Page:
Today is special. Veterans Day.
Last Sunday was special, too, but I forgot to tell you it was Loree Clarken's birthday. Likely you don't need help remembering today as Veterans Day.
Today, a 10:15 a.m. ceremony at St Edmond High School will give the public a chance to honor all veterans and to hear speaker Chaplain Steve Peters of the 133rd Test Squadron in Fort Dodge and the 185th Refueling Wing in Sioux City.
As part of the Air Force Mortuary Affairs Operations Center out of Dover Air Force Base in Delaware for seven months in 2011, he made certain of military honors for more than 235 fallen service members.
That's a war job few people think of, but it's essential. Listening to him speak would make today special indeed.
You can't talk about service people without the word special cropping up. I've met a lot of veterans and heard a lot of stories, and each is special.
Joining the military never crossed my mind when I was young enough to do it, and I'm not sure I'd have had the courage. It takes courage to take that step.
That's why I'm so proud to call Dawn Thompson my friend. We worked together for eight years before she decided Army life might be good for her and at age 35 took that step. She just returned to the states from her second deployment in Afghanistan, with a session in Iraq squeezed between. It's hard for me to call it a tour of duty since a tour, to me, is something fun.
Dawn, daughter of Vicki and Doug Thompson, of Otho, is back in Iowa for a few days before heading back to Fort Bragg, N.C. She can't tell me stories of her time overseas because most of it is classified. She's part of psyops - psychological operations - that's now called MISO - Military Information Supply Operations.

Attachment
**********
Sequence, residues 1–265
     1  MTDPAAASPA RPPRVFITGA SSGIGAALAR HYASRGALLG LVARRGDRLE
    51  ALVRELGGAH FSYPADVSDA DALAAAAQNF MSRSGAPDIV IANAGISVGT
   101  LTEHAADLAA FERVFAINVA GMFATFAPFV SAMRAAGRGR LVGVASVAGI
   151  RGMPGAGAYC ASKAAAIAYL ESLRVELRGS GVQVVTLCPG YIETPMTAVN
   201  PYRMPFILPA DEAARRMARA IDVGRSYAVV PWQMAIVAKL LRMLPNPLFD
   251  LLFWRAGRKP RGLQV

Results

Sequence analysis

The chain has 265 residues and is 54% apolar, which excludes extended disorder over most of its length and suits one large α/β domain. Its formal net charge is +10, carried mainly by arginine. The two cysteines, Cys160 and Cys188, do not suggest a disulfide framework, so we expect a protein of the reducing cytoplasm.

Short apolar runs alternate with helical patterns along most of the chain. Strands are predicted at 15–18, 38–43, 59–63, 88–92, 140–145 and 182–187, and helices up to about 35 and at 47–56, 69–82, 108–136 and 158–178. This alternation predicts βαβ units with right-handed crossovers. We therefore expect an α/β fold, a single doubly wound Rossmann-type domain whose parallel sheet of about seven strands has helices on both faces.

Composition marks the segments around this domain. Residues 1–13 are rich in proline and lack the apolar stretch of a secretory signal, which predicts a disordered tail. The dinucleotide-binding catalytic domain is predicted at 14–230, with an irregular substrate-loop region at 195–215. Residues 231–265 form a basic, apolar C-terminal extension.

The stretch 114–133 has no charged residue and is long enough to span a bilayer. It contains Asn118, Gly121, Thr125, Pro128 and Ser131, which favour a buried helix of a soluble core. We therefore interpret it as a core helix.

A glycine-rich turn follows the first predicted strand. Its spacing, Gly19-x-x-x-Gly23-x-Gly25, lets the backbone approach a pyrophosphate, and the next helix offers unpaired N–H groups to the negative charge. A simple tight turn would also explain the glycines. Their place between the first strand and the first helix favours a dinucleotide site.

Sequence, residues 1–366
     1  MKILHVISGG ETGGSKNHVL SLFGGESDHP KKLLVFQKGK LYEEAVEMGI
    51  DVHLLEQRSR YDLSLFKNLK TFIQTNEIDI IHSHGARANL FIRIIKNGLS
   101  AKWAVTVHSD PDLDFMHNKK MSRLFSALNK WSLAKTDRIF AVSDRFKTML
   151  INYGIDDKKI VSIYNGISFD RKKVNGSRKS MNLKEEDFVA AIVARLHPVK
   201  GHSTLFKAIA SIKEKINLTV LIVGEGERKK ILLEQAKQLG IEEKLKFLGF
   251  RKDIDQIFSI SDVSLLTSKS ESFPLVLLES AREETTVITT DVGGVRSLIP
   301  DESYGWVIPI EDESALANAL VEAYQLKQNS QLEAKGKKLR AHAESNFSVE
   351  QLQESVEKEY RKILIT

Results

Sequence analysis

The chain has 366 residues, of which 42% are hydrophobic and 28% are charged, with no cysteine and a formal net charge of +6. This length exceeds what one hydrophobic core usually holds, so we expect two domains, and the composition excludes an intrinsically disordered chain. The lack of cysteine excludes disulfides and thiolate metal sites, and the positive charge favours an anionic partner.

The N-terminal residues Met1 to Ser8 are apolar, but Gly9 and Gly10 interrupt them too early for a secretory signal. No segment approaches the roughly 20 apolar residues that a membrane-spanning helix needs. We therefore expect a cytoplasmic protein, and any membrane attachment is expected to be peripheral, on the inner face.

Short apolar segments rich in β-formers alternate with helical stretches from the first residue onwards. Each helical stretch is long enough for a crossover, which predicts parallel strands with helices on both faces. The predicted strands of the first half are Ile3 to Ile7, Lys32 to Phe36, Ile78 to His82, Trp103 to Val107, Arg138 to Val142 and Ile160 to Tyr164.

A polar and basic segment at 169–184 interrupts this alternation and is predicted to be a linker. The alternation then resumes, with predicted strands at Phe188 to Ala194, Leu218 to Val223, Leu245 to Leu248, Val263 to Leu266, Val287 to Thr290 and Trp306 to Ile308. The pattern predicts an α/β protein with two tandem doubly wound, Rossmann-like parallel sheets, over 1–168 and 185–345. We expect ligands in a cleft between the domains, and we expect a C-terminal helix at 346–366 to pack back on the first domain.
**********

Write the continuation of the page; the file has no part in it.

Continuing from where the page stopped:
She does human domain analysis. That's what she said. When I looked confused, she said "it's like social sciences. How effective what you're doing is."
Who can ever know that?
For World War II soldiers like Loren Greiner, of Emmetsburg, it's easier to describe how effective their work was. After hellacious battles like the landing at Normandy, the United States and its allies could see their effectiveness, though the cost in fallen comrades could not be stopped.
Loren's 104 now, but his memory of service seems to get sharper every day. He writes about it, even draws maps of Omaha Beach. He's one man you would enjoy talking to. I promise.
He remembers the weather postponing the invasion and writes:
"The early dusk of June 4, 1944, had arrived. An invasion of the continent of Europe was now in motion. Ships filled with troops loaded with gear strapped to their backs were moving out of the South Hampton Harbor on the south coast of England."
Can you imagine the stress of waiting for the time to pass? He still owns the pocket watch he looked at as the invasion began.
Time brings memories.
So long friends, until the next time when we're together.
Sandy Mickelson, retired lifestyle editor of The Messenger, may be reached at firstname.lastname@example.org.